Sierra Nevada Beer Camp Day 2: Electric Boogaloo (Brewday!)


Read about day 1 here.

Thursday 7:55 A.M.– Few experiences rate up there with brewing at Sierra Nevada; getting married, nookie experience number one, or even squirting out a honey boo boo or two. The crusty-eyed beer campers and I march to the pilot brewery, lips zipped and eyebrows clenched. Picture the movie Reservoir Dogs slow-mo walking scene and you’ve got it. Serious shit is to be had today, and we know it. Life changing romantic shit, and we fucking love it. The halls of Sierra Nevada are lined with photos of greatness. The arousing wisp of beer being brewed makes me nervous, excited, and have to pee really bad.

hairway to stephenscott jennings leads the group brew seshSierra Nevada’s pilot brewery sits in mid-campus thirty spiral steps up. Out of breath, clammy, and still Chico-buzzed from shenanigans six hours prior, the brewhouse greets us like an old friend. I’m not sure what I was expecting, but this steel diamond-plated pimped out  penthouse brewhouse brings this game to a whole new level. Five brewing vessels sit before us like ripe carrots poking out of the ground: two brew kettles, mash tun, lauter and a whirlpool. Hot to the touch with steam pouring out, I secretly dry hump the mash tun without anyone looking. With her hatch open, I inhale deeply taking in a fog bank of misty cereal-like essence. During batch 1’s sparge, freshly pitched chocolate malt blots dark hues like an angry octopus.

dough in, or anal probe? the bag hides my fear-boner

“Let’s mill our specialty grains and pick out the hops” says Scott Jennings, Sierra Nevada’s (North Carolina) head brewer. For reference, a typical five gallon homebrew batch would need around fifteen pounds of malted barley to get a ~7% beer. Today, all twelve of us proudly hoists a 40lb sack into the mill for a photo op. Muscles flexing, safety goggles gleaming, cameras snappin; the sacks are no sweat except for the one. Willis, a fuzzy fro-headed musician from Chico misses the mark and dumps the grain on the ground. “Beer name! Let’s call it “Pull a Willis” says one camper. “How about “Free Willis?” A vacuum slurps them into an enormous mill, sprays them, and sends them straight to the mash tun. While the grains rest at 152F, we head to the hop room.

sleight of hand's hop load hopfingers aka pixie dust

Sierra Nevada’s hop room smells better than a room full of cold-hard cash. 200 pound bales of whole cone hops are stacked around like a padded room in an insane asylum. Sierra Nevada uses 100% whole cone hops, something I wasn’t aware of. Hop schedule in hand, Scott gives us each orders and I’m in charge of two pounds of Sorachi Ace.  Clawing at the huge bricks of hops with my hands, a sticky green dust coats my fingers like I finger-banged Tinker Bell. Other campers frolic in the hops like kids in the snow. Dropping to the ground and making hop angels is not out of the question. At beer camp, anything is possible.

the hopback (not torpedo) our belgian yeast in the propagator drooling krauzen blowoffTorpedo flowing

Mash complete on batch two, we watch the sparge happen with a push of a button. Aside from hop additions and grain milling, everything is highly automated allowing brewers to focus on quality, repeatability, and creativity. I had visions of sweating my ass off at grain-out. The actual hardest part of beer camp is picking the name for the beer, which we still have no solid ideas.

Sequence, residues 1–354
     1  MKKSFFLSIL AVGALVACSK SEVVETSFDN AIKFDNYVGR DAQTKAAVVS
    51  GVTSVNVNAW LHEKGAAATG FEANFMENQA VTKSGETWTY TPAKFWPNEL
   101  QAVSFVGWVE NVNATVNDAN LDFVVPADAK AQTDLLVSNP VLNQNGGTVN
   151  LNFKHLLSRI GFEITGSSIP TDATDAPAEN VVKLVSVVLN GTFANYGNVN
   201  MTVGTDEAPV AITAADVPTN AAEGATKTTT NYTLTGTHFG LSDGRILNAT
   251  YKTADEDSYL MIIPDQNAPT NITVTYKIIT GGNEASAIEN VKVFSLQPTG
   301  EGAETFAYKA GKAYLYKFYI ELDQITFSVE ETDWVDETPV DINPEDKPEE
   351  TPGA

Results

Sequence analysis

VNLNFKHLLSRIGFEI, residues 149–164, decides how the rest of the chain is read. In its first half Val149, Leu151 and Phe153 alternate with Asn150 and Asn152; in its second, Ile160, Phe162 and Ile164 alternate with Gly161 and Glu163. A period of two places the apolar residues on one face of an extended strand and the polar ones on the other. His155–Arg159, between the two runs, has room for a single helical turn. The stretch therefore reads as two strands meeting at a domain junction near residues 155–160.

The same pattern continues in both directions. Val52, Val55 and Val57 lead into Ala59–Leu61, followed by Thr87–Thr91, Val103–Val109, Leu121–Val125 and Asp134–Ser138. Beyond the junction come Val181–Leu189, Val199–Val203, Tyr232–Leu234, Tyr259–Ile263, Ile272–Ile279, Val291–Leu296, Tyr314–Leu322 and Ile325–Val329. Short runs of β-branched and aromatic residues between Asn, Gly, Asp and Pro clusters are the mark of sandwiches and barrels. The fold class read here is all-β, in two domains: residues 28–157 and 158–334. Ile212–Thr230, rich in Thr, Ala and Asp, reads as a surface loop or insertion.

During camp, most beer names are derived from something funny that happened, an inside joke, or something obscure that fits that style. “How about Black Tricycle?” referring to our night out at the Bear in Chico. The bar has timed tricycle races in the middle of the place. Broken handlebars, hitting people, followed by chugging a nasty beer at the end; I wish I went to Chico State for college. Another name, Menage a Noir,makes the circles but doesn’t really catch. Katabasis? Nah. Black Tabby? Nope. Dubbel Double DIPA? Naming a home-brew is one thing, but a beer that has the possibility of being distributed nationally has bigger implications. (Update…IT IS!!! Look for it in August 2013)

nailed the sensory analysis i'm in ur base baggin ur hops

Our second night out with the hospitable Sierra Nevada team, one of the campers, the 6’10” pony-tailed ren-fairrish Michael Lipton pulls out a deck of cards to do some tricks. “Of course he knows magic tricks.” I think to myself. The trick is actually impressive. He repeats it over and over over pizza and Celebration at Woodstocks. Steve Grossman suggests, “what about Sleight of Hand?”. It actually works. Style wise, a black Belgian double IPA is something I’ve never heard of. Our goal as a team was to create something unique with this rare opportunity…mission accomplished!

biodiesel powers trucks compost inlet

Beer camp #94 is officially closed. Downtown Chico treats us like kings on the last night. We hit the Banshee, Raw Bar, and a few other spots before calling it a night. I’m smitten! I always knew Sierra Nevada is environmentally conscious, but now I know the heart and soul that drives it. The brewery is a living, breathing model of how any business should run. As they expand operations with a new brewery in North Carolina, I can’t wait to visit and perhaps, dry hump a warm mash tun as well over there!

Reservoir Dogs hop heist complete! No one got shot or lost an ear!

Reservoir Dogs hop heist complete! No one got shot or lost an ear!

Release parties! OC will have two Sleight of Hand release parties at 6pm! Please RSVP so we can get an idea how many are coming!

Edit! Here’s some SD and LA tappings:

  • San Diego:  Feb 24 at Churchills: and one at KnB Wine Cellars on either 3/2 or 3/22…I’m confirming. L
  • LA: Blue Palms on 2/22; Tony’s Darts Away on 2/23, and maybe two more.